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NASA’s Hubble, Spitzer Space Telescopes identify Planet’s Atmosphere

 

NASA - National Aeronautics and Space AdministrationPasadena, CA – For the first time, two NASA space telescopes have worked together to identify the detailed chemical “fingerprint” of a planet between the sizes of Earth and Neptune. No planets like this can be found in our own solar system, but they are common around other stars.

The planet, Gliese 3470 b (also known as GJ 3470 b), may be a cross between Earth and Neptune, with a large rocky core buried under a deep, crushing hydrogen-and-helium atmosphere. Weighing in at 12.6 Earth masses, the planet is more massive than Earth but less massive than Neptune (which is more than 17 Earth masses).

This artist's illustration shows the theoretical internal structure of the exoplanet GJ 3470 b. It is unlike any planet found in the Solar System. Weighing in at 12.6 Earth masses the planet is more massive than Earth but less massive than Neptune. (NASA, ESA, and L. Hustak (STScI))

This artist’s illustration shows the theoretical internal structure of the exoplanet GJ 3470 b. It is unlike any planet found in the Solar System. Weighing in at 12.6 Earth masses the planet is more massive than Earth but less massive than Neptune. (NASA, ESA, and L. Hustak (STScI))

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NASA selects Three Finalists for Future Small Satellites

 

NASA - National Aeronautics and Space AdministrationPasadena, CA – Three finalists have been selected by NASA from among a dozen concepts for future small satellites.

The finalists include a 2022 robotic mission to study two asteroid systems, twin spacecraft to study the effects of energetic particles around Mars, and a lunar orbiter managed by NASA’s Jet Propulsion Laboratory in Pasadena, California, to study water on the Moon.

One of three finalists selected by NASA for future small satellites, Lunar Trailblazer will detect and map water on the lunar surface to study how its form, abundance and location relate to geology. The principal investigator is Caltech's Bethany Ehlmann. JPL will provide project management. (NASA/JPL-Caltech)

One of three finalists selected by NASA for future small satellites, Lunar Trailblazer will detect and map water on the lunar surface to study how its form, abundance and location relate to geology. The principal investigator is Caltech’s Bethany Ehlmann. JPL will provide project management. (NASA/JPL-Caltech)

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NASA’s Spitzer Space Telescope to be turned off January 30th, 2020

 

NASA - National Aeronautics and Space AdministrationPasadena, CA – On January 30th, 2020, NASA’s Spitzer Space Telescope will be switched off permanently  after nearly 16 years of exploring the cosmos in infrared light. By then, the spacecraft will have operated for more than 11 years beyond its prime mission, thanks to the Spitzer engineering team’s ability to address unique challenges as the telescope slips farther and farther from Earth.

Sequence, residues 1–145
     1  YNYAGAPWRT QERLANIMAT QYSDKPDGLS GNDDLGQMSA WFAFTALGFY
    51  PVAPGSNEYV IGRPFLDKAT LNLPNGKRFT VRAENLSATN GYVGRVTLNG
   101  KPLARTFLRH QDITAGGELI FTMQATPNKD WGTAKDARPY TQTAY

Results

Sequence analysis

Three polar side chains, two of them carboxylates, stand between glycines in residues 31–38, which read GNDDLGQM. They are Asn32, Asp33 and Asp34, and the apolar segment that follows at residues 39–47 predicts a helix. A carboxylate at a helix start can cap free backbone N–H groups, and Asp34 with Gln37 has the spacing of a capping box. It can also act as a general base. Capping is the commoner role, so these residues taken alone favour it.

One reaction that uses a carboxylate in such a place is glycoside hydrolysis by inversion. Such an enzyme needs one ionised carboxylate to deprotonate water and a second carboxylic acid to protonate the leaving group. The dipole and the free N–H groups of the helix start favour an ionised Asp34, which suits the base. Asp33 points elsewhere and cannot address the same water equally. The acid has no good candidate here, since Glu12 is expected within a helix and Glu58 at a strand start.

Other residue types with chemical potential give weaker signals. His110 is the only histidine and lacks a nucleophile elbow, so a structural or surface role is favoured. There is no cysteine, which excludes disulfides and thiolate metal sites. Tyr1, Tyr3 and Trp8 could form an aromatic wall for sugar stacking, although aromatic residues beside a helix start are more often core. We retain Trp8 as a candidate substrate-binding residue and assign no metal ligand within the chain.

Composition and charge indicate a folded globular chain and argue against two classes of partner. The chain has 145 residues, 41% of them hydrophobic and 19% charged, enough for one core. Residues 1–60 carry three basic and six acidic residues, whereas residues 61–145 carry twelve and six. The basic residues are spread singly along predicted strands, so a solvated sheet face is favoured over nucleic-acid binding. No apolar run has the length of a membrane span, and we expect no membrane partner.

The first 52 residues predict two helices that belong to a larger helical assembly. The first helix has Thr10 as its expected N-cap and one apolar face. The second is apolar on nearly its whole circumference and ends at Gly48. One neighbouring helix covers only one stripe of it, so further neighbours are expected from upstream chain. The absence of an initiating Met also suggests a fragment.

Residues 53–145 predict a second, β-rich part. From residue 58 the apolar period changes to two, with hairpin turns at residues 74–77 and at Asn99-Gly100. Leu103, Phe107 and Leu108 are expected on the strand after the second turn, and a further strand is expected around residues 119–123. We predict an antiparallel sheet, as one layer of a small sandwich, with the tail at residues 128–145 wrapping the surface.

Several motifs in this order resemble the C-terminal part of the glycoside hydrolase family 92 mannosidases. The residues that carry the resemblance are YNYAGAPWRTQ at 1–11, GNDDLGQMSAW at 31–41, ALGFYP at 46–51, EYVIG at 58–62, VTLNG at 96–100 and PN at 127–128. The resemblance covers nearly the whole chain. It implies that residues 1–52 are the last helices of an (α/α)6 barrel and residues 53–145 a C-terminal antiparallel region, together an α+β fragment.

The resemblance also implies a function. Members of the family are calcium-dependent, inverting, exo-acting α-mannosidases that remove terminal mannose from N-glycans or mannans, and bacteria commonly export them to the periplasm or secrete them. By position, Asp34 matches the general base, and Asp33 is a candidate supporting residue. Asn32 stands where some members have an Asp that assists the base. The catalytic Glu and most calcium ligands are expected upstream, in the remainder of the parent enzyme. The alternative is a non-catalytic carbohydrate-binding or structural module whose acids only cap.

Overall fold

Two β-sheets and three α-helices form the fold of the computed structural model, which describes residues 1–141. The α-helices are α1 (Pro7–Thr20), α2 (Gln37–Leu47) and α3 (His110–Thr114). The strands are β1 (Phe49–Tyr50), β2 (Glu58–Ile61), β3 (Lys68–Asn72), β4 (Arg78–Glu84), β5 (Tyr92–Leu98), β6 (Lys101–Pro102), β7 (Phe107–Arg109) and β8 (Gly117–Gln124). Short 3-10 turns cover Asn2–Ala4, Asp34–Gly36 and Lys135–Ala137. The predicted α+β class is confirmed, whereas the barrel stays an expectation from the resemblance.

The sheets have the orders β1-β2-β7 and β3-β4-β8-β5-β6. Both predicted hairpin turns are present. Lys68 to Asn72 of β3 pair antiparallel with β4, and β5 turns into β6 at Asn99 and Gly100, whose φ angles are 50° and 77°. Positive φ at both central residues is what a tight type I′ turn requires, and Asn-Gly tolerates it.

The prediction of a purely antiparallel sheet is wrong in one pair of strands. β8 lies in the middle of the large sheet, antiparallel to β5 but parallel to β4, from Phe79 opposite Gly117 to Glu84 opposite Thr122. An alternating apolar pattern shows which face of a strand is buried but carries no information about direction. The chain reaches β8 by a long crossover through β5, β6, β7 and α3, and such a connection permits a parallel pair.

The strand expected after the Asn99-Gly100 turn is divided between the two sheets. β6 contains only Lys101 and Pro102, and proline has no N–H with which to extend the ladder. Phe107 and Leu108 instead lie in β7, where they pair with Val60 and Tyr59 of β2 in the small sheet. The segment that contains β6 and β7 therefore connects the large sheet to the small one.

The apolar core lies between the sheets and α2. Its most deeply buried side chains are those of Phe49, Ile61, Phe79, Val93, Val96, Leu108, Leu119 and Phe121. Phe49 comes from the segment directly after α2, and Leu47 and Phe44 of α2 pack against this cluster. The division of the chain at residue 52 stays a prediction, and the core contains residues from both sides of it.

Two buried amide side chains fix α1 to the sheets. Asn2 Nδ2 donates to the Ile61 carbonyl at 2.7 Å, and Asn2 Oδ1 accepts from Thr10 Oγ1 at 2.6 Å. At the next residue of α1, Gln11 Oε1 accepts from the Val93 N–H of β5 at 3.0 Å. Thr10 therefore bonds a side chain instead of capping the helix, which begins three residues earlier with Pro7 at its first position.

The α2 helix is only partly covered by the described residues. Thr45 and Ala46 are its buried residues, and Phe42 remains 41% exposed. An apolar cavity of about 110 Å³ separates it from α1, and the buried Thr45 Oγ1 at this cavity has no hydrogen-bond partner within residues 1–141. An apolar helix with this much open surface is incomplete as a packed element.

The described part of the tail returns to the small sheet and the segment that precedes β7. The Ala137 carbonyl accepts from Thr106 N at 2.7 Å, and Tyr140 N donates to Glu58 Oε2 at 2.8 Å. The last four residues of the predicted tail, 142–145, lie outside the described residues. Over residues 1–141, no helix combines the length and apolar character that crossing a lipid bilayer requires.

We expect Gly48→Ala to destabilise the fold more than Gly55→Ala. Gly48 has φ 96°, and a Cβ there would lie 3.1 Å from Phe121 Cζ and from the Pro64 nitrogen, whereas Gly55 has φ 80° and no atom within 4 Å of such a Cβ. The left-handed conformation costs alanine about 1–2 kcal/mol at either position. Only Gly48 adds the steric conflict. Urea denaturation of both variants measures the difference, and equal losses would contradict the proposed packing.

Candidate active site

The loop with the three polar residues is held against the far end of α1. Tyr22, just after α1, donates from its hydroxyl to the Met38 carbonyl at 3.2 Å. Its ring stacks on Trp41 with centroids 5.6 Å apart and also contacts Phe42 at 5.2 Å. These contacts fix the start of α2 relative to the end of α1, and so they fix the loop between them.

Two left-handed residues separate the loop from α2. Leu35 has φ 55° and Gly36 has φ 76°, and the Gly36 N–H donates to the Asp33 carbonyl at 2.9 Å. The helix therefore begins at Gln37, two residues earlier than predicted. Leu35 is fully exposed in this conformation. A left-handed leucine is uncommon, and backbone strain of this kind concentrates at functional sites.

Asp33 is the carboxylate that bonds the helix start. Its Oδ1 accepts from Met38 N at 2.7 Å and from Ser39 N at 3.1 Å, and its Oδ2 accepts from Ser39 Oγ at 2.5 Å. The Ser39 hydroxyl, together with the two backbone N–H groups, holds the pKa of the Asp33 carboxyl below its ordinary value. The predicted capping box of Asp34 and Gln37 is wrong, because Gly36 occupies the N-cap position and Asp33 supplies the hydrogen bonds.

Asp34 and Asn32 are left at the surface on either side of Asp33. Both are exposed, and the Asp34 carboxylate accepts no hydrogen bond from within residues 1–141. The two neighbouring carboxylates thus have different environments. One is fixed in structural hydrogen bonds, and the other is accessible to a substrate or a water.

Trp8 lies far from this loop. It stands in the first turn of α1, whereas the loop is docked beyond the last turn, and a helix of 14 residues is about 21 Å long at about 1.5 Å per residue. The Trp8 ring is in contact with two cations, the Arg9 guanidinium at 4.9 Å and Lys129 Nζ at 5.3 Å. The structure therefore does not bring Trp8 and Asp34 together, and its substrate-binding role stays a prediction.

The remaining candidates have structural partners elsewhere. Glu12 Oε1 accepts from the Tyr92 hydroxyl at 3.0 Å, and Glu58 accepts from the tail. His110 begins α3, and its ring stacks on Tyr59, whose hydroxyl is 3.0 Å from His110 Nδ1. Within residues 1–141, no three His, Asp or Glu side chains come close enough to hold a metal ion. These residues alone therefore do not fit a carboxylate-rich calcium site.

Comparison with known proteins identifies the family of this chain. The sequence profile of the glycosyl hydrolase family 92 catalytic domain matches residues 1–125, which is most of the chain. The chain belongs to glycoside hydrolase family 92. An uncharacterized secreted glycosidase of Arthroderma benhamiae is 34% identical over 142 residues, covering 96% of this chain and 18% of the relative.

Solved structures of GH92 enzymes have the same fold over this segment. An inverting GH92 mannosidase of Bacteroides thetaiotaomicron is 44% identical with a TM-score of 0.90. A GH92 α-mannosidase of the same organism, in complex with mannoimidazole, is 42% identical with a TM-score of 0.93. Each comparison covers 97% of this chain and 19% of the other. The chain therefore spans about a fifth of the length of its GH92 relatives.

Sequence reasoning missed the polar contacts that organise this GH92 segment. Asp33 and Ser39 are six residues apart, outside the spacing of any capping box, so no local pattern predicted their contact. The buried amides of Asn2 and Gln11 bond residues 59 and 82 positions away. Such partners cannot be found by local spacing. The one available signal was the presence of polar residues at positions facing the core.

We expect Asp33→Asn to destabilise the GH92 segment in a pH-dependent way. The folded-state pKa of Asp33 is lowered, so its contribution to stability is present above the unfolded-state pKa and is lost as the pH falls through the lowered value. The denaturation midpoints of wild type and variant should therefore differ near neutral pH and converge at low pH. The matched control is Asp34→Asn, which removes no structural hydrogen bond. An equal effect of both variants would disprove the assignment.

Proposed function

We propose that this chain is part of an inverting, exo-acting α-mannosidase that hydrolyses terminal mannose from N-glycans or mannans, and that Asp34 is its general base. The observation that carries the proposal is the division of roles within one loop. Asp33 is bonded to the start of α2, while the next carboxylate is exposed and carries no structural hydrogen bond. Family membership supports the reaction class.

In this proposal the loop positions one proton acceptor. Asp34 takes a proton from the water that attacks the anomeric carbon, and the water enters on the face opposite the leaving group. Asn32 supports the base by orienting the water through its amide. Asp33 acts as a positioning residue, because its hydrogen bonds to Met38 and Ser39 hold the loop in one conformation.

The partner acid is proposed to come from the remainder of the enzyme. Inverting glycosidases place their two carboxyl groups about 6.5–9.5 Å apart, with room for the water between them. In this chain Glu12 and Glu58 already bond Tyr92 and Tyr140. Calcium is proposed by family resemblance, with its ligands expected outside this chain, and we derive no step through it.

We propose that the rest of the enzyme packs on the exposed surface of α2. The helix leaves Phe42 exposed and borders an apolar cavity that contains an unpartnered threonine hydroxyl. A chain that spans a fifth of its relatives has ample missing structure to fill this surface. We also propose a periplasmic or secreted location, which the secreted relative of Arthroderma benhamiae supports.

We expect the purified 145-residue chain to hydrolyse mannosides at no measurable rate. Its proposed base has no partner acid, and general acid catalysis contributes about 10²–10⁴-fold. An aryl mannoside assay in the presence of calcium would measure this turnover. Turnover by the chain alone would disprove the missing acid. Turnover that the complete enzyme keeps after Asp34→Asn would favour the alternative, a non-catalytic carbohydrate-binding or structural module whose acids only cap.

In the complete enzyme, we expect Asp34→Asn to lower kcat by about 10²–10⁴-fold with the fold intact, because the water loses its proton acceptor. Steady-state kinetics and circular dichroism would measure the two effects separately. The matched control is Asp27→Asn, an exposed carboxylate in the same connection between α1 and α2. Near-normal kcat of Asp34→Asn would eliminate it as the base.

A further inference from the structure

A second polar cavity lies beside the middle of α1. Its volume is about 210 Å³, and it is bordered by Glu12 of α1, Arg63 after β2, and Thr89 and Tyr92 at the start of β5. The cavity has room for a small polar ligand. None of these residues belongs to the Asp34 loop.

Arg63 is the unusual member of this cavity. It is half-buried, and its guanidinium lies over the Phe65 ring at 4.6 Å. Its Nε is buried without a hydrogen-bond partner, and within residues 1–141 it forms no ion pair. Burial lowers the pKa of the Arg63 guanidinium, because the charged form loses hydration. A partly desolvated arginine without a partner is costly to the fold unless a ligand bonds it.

Managed and operated by NASA’s Jet Propulsion Laboratory in Pasadena, California, Spitzer is a small but transformational observatory. It captures infrared light, which is often emitted by “warm” objects that aren’t quite hot enough to radiate visible light.

This artist's concept shows NASA's Spitzer Space Telescope in front of an infrared image of the Milky Way galaxy. (NASA/JPL-Caltech)

This artist’s concept shows NASA’s Spitzer Space Telescope in front of an infrared image of the Milky Way galaxy. (NASA/JPL-Caltech)

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NASA’s Cassini spacecraft data shows inner workings of Saturn’s Rings

 

NASA - National Aeronautics and Space AdministrationPasadena, CA – The NASA Cassini spacecraft provided intricate detail on the workings of Saturn’s complex rings when it dove close to Saturn in its final year, new analysis shows.

Although the mission ended in 2017, science continues to flow from the data collected. A new paper published June 13th in Science describes results from four Cassini instruments taking their closest-ever observations of the main rings.

Findings include fine details of features sculpted by masses embedded within the rings.

This false-color image to the right shows an infrared spectral map of Saturn's A, B and C rings, captured by Cassini's VIMS. (Infrared image credit: NASA/JPL-Caltech/University of Arizona/CNRS/LPG-Nantes); (Saturn image credit: NASA/JPL-Caltech/Space Science Institute/G. Ugarkovic)

This false-color image to the right shows an infrared spectral map of Saturn’s A, B and C rings, captured by Cassini’s VIMS. (Infrared image credit: NASA/JPL-Caltech/University of Arizona/CNRS/LPG-Nantes); (Saturn image credit: NASA/JPL-Caltech/Space Science Institute/G. Ugarkovic)

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NASA discovers portions of Jupiter’s Moon Europa’s surface is Table Salt

 

NASA - National Aeronautics and Space AdministrationPasadena, CA – NASA says that on the surface of Jupiter’s moon Europa a familiar ingredient has been hiding in plain sight. Using a visible-light spectral analysis, planetary scientists at Caltech and NASA’s Jet Propulsion Laboratory in Pasadena, California, have discovered that the yellow color visible on portions of the surface of Europa is actually sodium chloride, a compound known on Earth as table salt, which is also the principal component of sea salt.

The discovery suggests that the salty subsurface ocean of Europa may chemically resemble Earth’s oceans more than previously thought, challenging decades of supposition about the composition of those waters. The finding was published by Science Advances on June 12th.

Tara Regio is the yellowish area to left of center, in this NASA Galileo image of Europa's surface. This region of geologic chaos is the area researchers identified an abundance of sodium chloride. (NASA/JPL/University of Arizona)

Tara Regio is the yellowish area to left of center, in this NASA Galileo image of Europa’s surface. This region of geologic chaos is the area researchers identified an abundance of sodium chloride. (NASA/JPL/University of Arizona)